When the congregation of the synagogue had been dismissed, many of the Jews and the devout converts to Judaism followed Paul and Barnabas, who, talking to them were urging them to continue in the grace of God, Acts 13:43.

During one of their missionary journeys, Paul and Barnabas experienced the exact opposite reaction.  While preaching to a crowded synagogue in the region of Antioch in Pisidia, the audience in attendance did not work this service to end.  After being dismissed, several Jews and converts to Judaism begged Paul and Barnabas to keep teaching.  These souls were spiritually hungry, eager to learn more about the grace of God.  This desire reminds me of a portion of Jesus’ Sermon on the Mount, where Jesus reveals two key priorities.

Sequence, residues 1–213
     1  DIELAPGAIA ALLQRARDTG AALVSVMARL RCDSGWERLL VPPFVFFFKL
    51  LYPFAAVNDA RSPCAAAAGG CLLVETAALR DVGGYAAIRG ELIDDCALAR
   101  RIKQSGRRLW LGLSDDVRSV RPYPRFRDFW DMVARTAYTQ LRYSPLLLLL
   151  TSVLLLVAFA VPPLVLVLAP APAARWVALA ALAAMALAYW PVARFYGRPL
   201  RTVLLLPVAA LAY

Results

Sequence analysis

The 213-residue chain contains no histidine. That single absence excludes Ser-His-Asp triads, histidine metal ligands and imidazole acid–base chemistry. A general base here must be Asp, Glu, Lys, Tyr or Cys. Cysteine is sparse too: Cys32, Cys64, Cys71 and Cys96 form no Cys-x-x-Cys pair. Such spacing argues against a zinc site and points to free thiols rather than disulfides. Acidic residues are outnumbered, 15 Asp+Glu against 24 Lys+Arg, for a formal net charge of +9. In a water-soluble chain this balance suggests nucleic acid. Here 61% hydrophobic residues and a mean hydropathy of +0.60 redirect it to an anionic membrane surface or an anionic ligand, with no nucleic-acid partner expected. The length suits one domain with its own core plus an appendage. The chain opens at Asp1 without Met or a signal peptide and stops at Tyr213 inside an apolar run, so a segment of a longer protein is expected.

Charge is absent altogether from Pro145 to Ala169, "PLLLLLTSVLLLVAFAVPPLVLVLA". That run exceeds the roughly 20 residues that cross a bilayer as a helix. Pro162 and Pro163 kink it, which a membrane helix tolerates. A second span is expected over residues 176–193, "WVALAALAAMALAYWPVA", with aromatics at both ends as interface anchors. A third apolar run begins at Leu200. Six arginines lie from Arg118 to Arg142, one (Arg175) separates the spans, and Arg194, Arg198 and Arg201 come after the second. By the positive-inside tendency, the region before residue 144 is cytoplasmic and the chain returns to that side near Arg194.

But first and most importantly seek (aim at, strive after) His kingdom and His righteousness [His way of doing and being right—the attitude and character of God], and all these things will be given to you also, Matthew 6:33.

Spiritual hunger isn’t natural, but when individuals take time to pray, read the Bible or worship God, the Holy Spirit alters human priorities toward spiritual desires.  Although I can’t recall ever wanting a church service to keep going, there are other moments in time that I didn’t want to end.  Spiritual retreats, certain vacations and my Tentmaker Leadership Training were so life altering that I wanted to stay.  Anytime you have to go back to reality is hard, especially if you are not happy with where you are in life.  Nonetheless, when you hunger and thirst for righteousness, you may find yourself like the service in Acts 13:43, not wanting church to end.

by Jay Mankus